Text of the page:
Environment Day 2013: Think, Eat, Save


This is AI generated summarization, which may have errors. For context, always refer to the full article.

On World Environment Day, advocates aim to promote awareness about the alarming situation of food consumption and waste

MANILA, Philippines – On World Environment Day, advocates aim to promote awareness about the alarming situation of food consumption and waste.

Voltaire Tupaz reports.

Food blogger Erwan Heussaff dines in fancy restaurants. 
But at home, he still prefers to buy and cook his own food.

ERWAN HEUSSAFF, FOOD BLOGGERI’m very efficient in terms of whatever I’m eating that day…I go to restaurants a lot – multiple times – but during the work week I try as much as possible to cook for myself. Once you have an understanding of the food you’re eating then it becomes more intimate, more educational.

It is the kind of awareness on food consumption the United Nations Environment Program is promoting on World Environment Day. 
The situation on the ground is alarming.
The UN says nearly a third of global food production is either wasted or lost.
Food waste is a huge drain on natural resources, hurting the environment.
Having worked in food industries here and abroad, Erwan feels the prevailing behavior on food consumption must change in the country.

ERWAN HEUSSAFF, FOOD BLOGGER: People need to realize the effects that they have on both the environment – the more food you waste, the more food you buy or crops are being taken and everything – it has a massive impact.

While some people waste food, the poor, who have little access to resources, go hungry.
Everyday, one in 8 people sleeps on an empty stomach. 
There are about 870 million people in the world who suffer from hunger. 
For Denise Celdran, owner of a restaurant that serves organic food, the problem lies in food production and distribution.

DENISE CELDRAN, EDGY VEGGY RESTAURANT OWNER: We are so disconnected from the source of our food. For us, if we want to eat we got to the supermarket. So of course it’s become a business, it’s big industry involved. So they produce a lot of food a lot of it is going to waste.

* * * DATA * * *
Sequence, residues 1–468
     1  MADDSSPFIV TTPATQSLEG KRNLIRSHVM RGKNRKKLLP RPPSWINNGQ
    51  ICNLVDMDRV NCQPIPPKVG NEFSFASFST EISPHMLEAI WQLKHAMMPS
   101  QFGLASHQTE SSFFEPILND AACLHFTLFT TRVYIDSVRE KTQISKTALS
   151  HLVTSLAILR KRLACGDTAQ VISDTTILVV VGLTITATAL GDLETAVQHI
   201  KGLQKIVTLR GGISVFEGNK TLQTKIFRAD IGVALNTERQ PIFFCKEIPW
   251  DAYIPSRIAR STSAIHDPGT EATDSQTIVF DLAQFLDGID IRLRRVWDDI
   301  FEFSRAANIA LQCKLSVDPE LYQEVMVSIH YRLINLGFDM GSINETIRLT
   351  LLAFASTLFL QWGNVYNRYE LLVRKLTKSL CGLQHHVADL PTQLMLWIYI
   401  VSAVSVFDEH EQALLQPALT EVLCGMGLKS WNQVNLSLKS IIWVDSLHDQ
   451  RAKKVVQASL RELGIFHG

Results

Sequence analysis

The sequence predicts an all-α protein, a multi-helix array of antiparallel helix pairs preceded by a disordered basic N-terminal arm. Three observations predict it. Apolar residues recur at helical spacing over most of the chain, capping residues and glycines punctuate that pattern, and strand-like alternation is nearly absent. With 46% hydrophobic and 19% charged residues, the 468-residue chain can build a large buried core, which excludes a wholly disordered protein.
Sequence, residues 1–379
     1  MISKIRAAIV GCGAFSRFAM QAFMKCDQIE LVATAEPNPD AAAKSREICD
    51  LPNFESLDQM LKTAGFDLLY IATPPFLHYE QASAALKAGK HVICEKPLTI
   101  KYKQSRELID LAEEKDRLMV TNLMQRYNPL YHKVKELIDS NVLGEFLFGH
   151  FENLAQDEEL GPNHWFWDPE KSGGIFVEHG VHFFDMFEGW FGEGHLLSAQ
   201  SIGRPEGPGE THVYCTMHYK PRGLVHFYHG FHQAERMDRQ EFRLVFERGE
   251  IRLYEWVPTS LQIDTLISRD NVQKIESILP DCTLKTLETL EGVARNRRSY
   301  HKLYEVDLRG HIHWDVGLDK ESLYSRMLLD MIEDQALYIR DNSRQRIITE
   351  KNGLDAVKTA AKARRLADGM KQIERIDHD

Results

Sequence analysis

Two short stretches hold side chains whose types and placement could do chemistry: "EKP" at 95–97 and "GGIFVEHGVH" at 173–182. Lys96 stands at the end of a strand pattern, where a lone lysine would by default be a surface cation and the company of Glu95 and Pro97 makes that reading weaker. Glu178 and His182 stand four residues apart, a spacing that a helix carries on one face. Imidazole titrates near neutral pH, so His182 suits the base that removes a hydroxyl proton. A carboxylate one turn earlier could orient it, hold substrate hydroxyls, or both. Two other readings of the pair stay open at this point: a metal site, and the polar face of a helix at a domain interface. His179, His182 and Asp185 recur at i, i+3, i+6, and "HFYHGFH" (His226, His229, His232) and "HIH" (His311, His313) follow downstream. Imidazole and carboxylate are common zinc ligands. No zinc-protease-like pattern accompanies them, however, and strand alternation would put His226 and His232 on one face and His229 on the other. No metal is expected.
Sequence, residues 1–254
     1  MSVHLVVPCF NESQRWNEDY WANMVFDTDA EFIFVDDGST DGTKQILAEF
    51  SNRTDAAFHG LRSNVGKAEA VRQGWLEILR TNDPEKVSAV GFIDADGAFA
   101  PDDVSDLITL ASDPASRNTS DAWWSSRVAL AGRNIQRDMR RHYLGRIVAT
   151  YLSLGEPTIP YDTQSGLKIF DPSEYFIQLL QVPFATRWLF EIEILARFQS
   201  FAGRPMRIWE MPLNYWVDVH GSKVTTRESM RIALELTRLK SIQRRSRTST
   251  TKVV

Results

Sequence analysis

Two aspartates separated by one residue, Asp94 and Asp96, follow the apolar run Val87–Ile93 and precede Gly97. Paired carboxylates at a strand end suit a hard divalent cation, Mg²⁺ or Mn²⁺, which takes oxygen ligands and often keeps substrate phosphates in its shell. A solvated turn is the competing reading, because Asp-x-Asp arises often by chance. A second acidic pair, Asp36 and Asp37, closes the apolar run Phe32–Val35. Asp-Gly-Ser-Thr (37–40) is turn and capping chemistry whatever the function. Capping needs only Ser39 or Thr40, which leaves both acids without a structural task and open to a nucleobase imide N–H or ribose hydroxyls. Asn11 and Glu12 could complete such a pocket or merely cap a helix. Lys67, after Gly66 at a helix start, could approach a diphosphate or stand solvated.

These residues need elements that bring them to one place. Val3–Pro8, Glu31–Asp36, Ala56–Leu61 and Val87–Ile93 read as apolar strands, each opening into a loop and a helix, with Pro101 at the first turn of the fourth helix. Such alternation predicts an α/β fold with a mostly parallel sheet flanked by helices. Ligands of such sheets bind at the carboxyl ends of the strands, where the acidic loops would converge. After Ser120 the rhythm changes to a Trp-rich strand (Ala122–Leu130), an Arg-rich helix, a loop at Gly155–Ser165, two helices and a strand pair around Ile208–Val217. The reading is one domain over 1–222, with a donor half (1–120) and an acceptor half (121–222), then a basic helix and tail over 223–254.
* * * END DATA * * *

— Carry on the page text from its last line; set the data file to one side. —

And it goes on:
Denise and other advocates of healthy food are building a movement.
They are innovating a system of bringing food from the farm to the table.
Their strategy: get rid of the middlemen.
Denise serves food in her restaurant that comes directly from Sibol ng Agham at Teknolohiya’s organic farm in Tarlac.

SANTIAGO LATO, SIBOL PEOPLE’S STORE MANAGER: Hanggat maari, bumababa kami sa middle at sa lower…Karamihan kase pag sinabing organic high-end na masyado kase. Ang SIBAT binaba sa antas ng mga masa. Hanggat maari, ma-afford nila bilhin ang organic vegetable. (As much as possible we cater to the middle and lower segments of the market. Many think organic products are high-end or only for the rich. SIBAT brings organic products to the masses. They should be able to afford organic vegetable.)

According to Lato, it is a practice of food production in which farmers can also consume the organic goods that they produce and sell in the cities. 
On World Environment Day, food consumers are encouraged to think, eat and save. It is a campaign to change the imbalance in individual lifestyles that impact the environment. But the bigger pressure is on the food industry to feed more and waste less. 

Voltaire Tupaz, Rappler, Manila

[WATCH: Full Rappler Newscast | June 5, 2013] – Rappler.com

Add a comment

Sort by

There are no comments yet. Add your comment to start the conversation.

Summarize this article with AI

How does this make you feel?

Download the Rappler App!